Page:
manager ever recognized you in a way you really didn’t
While not by my
manager, I can recall twice where people recognized me in not
the best way.
Each of these
poor recognition events proved the person responsible for recognizing me had
done no homework. In addition, it might well have been the individual
transferring their own preference on to how they recognized me. And, I also
think one was a cheap, quick and easy way out.
is I did not feel properly recognized.
Have you seen
employees disappointed or feeling a lack of respect with how they’re
acknowledged and recognized?
We will discover
ways for finding out how people want to be recognized.
alluded to two occasions where I received depersonalized recognition that meant
nothing to me? Let me share those experiences with you so we can learn from
It’s easy to forget that the people we work with do not necessarily need the same amount or type of recognition as the person next to them does.
Recognition is not a cookie cutter formula. How you like to be recognized will not be the same for me, for example. You should make time to find out what each of your colleagues and employees likes, and dislikes, around their desired recognition preference.
Which also begs the question to discover what everyone likes to be recognized for.
Some people have a greater need for validation of their individual worth and their job performance than others do. You will find this is often the case for new and younger employees. The need for recognition will typically reduce as one matures and is longer in a company.
But perhaps you’ve fallen into the default mode of recognizing absolutely everyone whenever they put forth an extra effort or achieve something significant. Were your attempts at giving recognition really valued and appreciated by each individual? (more…)
Perhaps you think the idea of asking employees about their recognition preferences is a hard thing to do. Doing so might be the best investment of time you’ll make in connecting better with your employees.
Recognition is such an individual experience that you must encourage everyone in supervisory and management positions to discover how their employee likes and wants to be recognized.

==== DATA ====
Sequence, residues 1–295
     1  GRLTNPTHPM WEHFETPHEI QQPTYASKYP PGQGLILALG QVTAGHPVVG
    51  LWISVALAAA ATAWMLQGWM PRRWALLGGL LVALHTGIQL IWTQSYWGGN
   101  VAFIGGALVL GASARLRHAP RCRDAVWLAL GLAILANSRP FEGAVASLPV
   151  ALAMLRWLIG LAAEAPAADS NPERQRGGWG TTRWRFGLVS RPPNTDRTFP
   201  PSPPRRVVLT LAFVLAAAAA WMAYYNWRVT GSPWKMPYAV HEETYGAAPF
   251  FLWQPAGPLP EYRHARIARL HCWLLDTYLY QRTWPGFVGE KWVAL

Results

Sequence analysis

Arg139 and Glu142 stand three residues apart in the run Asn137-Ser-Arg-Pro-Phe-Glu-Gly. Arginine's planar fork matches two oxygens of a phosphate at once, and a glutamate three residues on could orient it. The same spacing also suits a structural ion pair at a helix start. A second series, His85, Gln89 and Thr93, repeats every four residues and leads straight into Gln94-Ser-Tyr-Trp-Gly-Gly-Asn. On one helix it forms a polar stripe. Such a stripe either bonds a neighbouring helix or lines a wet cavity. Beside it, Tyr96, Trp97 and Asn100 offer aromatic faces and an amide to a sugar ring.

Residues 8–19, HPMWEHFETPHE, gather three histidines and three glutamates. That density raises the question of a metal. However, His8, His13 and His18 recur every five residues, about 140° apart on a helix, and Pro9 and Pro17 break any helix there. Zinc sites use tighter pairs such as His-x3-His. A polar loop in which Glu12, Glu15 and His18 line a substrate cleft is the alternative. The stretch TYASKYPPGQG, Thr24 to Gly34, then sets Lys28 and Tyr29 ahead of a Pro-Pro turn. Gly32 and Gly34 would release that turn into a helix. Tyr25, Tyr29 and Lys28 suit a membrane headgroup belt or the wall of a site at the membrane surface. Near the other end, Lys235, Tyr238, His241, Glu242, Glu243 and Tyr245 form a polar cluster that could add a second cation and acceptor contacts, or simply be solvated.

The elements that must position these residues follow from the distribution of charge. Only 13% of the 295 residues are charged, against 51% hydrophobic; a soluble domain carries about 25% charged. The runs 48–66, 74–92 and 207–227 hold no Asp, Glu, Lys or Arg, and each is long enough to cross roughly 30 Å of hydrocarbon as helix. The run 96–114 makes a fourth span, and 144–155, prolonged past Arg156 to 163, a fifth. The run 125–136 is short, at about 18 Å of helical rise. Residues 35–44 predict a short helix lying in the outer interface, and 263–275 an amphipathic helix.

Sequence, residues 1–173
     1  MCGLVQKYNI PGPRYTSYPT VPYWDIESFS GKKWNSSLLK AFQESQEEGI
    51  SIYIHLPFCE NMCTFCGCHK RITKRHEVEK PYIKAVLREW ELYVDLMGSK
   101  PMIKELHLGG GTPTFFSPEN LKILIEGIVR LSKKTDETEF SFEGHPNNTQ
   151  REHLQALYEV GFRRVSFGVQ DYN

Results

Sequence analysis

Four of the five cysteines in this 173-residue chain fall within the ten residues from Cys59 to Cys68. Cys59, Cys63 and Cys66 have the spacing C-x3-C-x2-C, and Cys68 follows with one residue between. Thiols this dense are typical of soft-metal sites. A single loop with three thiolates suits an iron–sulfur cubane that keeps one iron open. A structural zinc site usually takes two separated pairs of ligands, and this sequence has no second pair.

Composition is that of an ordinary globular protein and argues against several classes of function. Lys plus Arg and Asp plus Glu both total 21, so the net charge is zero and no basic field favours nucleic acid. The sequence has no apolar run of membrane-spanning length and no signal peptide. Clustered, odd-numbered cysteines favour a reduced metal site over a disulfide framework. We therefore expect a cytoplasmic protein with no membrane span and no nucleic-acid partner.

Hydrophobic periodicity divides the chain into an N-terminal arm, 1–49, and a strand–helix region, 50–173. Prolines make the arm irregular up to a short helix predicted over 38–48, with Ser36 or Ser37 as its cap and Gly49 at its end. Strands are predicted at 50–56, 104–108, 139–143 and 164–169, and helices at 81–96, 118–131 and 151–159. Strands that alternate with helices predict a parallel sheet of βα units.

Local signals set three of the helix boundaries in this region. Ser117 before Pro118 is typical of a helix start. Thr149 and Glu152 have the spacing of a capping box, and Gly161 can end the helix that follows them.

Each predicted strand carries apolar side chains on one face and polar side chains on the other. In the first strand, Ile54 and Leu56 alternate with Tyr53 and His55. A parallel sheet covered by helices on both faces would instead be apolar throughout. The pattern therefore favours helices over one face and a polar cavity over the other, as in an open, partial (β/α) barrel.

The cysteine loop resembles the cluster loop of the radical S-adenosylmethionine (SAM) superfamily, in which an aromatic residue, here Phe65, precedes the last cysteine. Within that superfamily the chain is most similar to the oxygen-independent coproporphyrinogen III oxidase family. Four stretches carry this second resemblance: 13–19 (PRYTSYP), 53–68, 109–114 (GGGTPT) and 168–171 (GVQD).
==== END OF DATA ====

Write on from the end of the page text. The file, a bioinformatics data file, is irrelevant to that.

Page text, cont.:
These are some quick suggestions for how to do it and what to ask.
Schedule a 15-minute sit-down meeting for each of your employees and individually ask them about their personal recognition preferences. If they are remote, simply conduct the meeting over the phone or by videoconference.
The secret behind giving more personal and customized recognition is to ask your employees. (more…)
Many of you have a variety of online recognition programs available to your employees and managers to use.
Employees can usually acknowledge their colleagues or even express appreciation and thanks to a supervisor or manager. Most of the online recognition, award, and reward programs are peer-to-peer, manager to employee, and with formal award programs, the organization to the employee.
Sometimes, we make our recognition programs but they end up being too transactional in nature. When this happens, it can lead to a less than ideal recognition experience for your employees.
What needs to happen is more humanizing of our technological recognition programs.
I am going to give you seven P’s to consider when creating any meaningful and memorable recognition experience with your programs. (more…)
It was a busy day at a suburban branch of a retail bank and the customer service representatives (CSR’s) were kept constantly busy with serving long lines of needy customers.
Air conditioning didn’t seem to be working the best that day and it was getting kind of warm in the bank. The bank manager had already called head office to arrange for air conditioning maintenance people to come and fix things.
The CSRs did their best to smile, pause briefly between customers to calm themselves, and patiently serve each customer with their individual banking requests.
By mid-afternoon, something unusual happened.
The bank manager walked behind each of the half-dozen or so CSRs and placed a cold can of carbonated drink on the counter next to each employee as they served the next customer in line.
Some of the CSRs were able to look up and smile back at the manager and others said thanks if they could.
But it was several minutes later before each CSR realized how special their manager’s actions were.
She had not given every CSR the same carbonated beverage. No, she had made sure to know what each of their favorite drinks was. Armed with that insight she had purchased a single can of pop that each CSR liked best.
For those CSR’s this simple but special action spoke volumes to them and showed them their manager appreciated them and the work they were doing.
Each manager, supervisor, or business owner comes with their own unique set of interpersonal skills, along with strengths and weaknesses. This is especially so when it comes to giving meaningful and effective recognition.
You’ve likely had a boss or two who understood the importance of acknowledging your work. You had a positive relationship with them. Work seemed to go well and you felt engaged. You knew you were making a positive difference.
Not So Good Managers
Then again, you’ve probably bumped into at least one or two supervisors or had managers along your career path who plain didn’t get it. (more…)
I never want to lead you astray and say that every time you give recognition it works miracles.
Nope. That’s not always the case.
Don’t ever imagine when you give a person some well deserved recognition that the lights will shine down on them, and confetti and balloons will instantly pour down from the rafters, and your employee will love you forever.
Alas, giving recognition does not always hit the target you want it to.
I am going to share with you just a few of the reasons when recognition just won’t work. (more…)